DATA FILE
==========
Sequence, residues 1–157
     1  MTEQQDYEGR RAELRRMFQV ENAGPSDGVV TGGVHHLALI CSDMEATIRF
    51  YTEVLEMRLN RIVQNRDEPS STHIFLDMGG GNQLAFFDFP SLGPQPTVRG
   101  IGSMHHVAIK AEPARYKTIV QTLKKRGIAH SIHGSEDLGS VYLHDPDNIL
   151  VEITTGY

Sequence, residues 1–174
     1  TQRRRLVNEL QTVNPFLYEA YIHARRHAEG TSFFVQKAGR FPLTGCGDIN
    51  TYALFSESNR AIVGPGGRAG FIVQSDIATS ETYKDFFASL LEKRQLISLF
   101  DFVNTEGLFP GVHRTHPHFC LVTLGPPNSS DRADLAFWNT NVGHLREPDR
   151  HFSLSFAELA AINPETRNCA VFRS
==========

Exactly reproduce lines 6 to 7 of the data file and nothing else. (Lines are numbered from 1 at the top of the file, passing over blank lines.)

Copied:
Sequence, residues 1–174
     1  TQRRRLVNEL QTVNPFLYEA YIHARRHAEG TSFFVQKAGR FPLTGCGDIN